with Mike Co. 3/5 out of An Hoa Combat Base from July '68 to June
'69 as an FMF-Corpsman. During 6-months with the 1st platoon, I
contracted hookworms, went to DaNang for treatment, and then was
assigned to 3rd platoon. This was the beginning of the most memorable
and tragic part of my tour.
involved the stark-terror of combat where we were ambushed from popping
AK-47's and the bump-bump-bump sound of a 20mm anti-aircraft gun, received
B-40 rocket attacks, routine incoming mortar attacks, accidental / inevitable
injuries from friendly M-60 machinegun fire from a Huey providing very
close perimeter support, and witnessed the screams from pain and fear
of the forth-coming death from untreatable chest wounds. At one
point realizing the probability of losing my own life I ripped up the
photos of my sweetheart because I could no longer bear to look
at her face and fantasize about going home
remember seeing the transformation on the faces of Marines before and
after sustained firefighting and after being in "Arizona Territory"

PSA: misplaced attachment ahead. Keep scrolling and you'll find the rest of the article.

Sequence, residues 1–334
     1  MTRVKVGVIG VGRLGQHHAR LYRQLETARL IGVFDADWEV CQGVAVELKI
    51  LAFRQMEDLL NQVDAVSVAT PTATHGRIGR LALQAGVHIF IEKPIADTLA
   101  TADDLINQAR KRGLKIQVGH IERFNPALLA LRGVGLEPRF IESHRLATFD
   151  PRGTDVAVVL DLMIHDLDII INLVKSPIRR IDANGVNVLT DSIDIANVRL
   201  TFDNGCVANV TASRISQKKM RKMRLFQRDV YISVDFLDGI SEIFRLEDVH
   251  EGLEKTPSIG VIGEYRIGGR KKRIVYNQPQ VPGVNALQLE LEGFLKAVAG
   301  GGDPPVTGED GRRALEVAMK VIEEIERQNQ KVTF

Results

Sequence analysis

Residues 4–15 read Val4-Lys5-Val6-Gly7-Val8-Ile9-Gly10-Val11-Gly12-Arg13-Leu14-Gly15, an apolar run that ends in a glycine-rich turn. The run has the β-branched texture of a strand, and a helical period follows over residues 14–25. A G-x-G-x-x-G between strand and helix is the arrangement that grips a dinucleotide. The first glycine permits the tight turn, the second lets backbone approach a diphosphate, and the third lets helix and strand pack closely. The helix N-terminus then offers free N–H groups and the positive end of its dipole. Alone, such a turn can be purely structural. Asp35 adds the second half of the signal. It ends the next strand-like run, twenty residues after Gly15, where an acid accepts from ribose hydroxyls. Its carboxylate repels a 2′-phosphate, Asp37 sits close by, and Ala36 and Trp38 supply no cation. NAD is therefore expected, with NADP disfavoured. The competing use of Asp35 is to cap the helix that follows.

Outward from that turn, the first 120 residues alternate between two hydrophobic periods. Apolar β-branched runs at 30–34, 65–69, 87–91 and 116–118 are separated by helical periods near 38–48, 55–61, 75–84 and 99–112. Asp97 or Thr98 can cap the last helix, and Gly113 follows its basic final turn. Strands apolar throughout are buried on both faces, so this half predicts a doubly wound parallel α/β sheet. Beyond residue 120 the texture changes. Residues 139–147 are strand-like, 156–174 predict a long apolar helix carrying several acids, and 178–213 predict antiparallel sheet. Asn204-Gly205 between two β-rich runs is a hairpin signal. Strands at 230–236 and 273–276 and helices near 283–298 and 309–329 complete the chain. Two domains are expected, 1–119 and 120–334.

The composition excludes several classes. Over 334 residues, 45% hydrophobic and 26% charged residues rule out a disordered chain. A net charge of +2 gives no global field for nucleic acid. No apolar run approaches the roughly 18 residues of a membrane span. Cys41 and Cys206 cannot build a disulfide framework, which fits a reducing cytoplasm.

where they witnessed fellow Marines being killed instantly by snipers.
remember wrapping bodies in their plastic-ponchos and rope under
their arms to provide an above-head loop for extraction from the jungle
by choppers that never came. And one of the most gripping sites I experienced
was when I was on my way to get on a CH-53 on the runway in An Hoa.
There between the French-buildings, which were used as Battalion Aid
Stations, and laying face-down and straight along side this BAS was
a deceased Marine, alone, with no one attending.
treating the massive wounds from kicking a booby-trapped fragmentation-grenade,
the injured Marine asked if his eyes were ok because everything was
dark. His face and neck was peppered with fragments. He died about 15-minutes
later on the chopper. I remember this and much more grief we suffered,
and am instantly overwhelmed with choking-tears because these true-grit
Americans just wanted to do the time and go home. I was there, what
seems like another lifetime now, and I remember thinking after each
KIA .....he's gone and his loved ones so far away are not even aware
of it and won't be for a while, and it was almost unbearable for me.
"bush" time which was a required 11-month assignment
with a grunt-company in combat was over when "M" was back
in An Hoa in June '69 preparing for another op.
Weltzbarker, HM3-USNR / Doc Whiskey, FMF Corpsman-USMC